For Future Planters

I’m savoring these last few days of spring.  The mornings are still cool enough that I need a long-sleeved shirt, and the evenings make me want to linger in the garden as long as there’s still light.  On Wednesday night I sat on a large flat rock near our compost pile, meticulously removing dried peas from inside their crunchy shells.  I could hear neighborhood children splashing in their pool, taking a chilly plunge for perhaps their first swim of the season.  I loved how the temperature was just between cool and warm.   It was a peaceful moment for reflection about life and the seeds I was harvesting.  

I have been interested in saving seeds for several years, thanks to the people at Native Seeds/SEARCH.  For the past few years the school has received a seed grant from them, and part of the grant agreement is to make an attempt to collect and share seeds with others.  We’ve been doing this at the school, and this year have one garden bed exclusively devoted to seed saving.  I’ve extended this practice to my home garden as well and use them for replanting year after year.  This year’s pea crop was one of my best, all grown from third or fourth generation seeds.  

For some reason, this year the seed collecting seems more important.  The world in general seems less reliable, and saving seeds is one small way that adds a bit more security to the future.  We don’t grow enough to completely sustain our nutrition at home, but it is nice to have a season of fresh tomatoes, assorted greens, onions, peas, and carrots.  It’s also enjoyable have available the volunteer dill, cilantro, and basil that seem to reappear annually.  I’ve intentionally taught my grandchildren and great-granddaughter how to plant and care for a garden, with hope that someday they’ll decide to grow food on their own.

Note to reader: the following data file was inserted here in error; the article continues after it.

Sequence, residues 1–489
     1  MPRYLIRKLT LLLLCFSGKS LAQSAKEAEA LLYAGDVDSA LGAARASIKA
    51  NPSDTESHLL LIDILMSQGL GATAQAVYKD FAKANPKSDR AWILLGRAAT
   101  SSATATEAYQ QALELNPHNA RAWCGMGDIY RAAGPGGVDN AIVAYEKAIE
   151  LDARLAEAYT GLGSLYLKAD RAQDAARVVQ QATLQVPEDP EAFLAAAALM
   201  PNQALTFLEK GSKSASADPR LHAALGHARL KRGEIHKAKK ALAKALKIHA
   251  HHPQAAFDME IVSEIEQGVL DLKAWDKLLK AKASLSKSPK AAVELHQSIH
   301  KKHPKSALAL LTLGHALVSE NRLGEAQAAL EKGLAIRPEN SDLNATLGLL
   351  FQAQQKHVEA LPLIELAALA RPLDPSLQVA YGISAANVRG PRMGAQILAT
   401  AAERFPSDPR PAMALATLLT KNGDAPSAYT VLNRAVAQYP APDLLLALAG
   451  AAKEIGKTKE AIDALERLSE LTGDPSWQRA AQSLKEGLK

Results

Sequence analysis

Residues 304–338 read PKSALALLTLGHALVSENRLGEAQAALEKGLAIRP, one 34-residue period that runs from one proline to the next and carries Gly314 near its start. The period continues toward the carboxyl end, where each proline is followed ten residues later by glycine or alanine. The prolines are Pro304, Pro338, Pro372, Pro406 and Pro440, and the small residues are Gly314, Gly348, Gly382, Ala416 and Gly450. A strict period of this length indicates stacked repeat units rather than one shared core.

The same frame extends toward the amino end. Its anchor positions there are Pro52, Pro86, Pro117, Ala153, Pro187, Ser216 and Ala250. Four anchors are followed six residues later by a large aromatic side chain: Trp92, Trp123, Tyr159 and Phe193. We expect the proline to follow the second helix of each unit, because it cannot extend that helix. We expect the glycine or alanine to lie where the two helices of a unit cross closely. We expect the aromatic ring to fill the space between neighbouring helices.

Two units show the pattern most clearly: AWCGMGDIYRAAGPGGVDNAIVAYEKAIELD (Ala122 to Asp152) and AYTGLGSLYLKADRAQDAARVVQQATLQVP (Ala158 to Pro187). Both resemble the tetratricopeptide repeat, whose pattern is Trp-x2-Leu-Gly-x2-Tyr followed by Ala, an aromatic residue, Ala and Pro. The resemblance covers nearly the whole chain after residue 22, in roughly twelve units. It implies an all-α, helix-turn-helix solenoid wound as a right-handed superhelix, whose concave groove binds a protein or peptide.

Cultivating actual seeds for the future serves as an excellent metaphor for the work we continue to do here at the Seed.  Each crop of students is nurtured and the children grow and bloom into the next version of themselves.  One year’s group of tiny toddlers become four-year-olds presenting facts about the Ice Age to their classmates.  The preschoolers turn into emerging readers and writers in kindergarten, then go on to awaken into climate change activists in their elementary years.  Children who once looked up to their older buddies are now asking to arrive at school early to be helpers on the toddler playground.  

This work involves our whole community.  On Saturday morning we will gather for our annual picnic to celebrate Earth Day and our entire village.  We will have special live music, face painting, crafts and games for the kids, a lemonade stand, gardening activities, free seeds, and our annual silent art auction.  The event will start off with a special dedication of our new climbing structure at 11:00, honoring some of the families who made significant contributions to the project.  Please plant to arrive in time for this special event.  And thanks for whatever you’re doing to make Planet Earth a friendly and nurturing place for all.       

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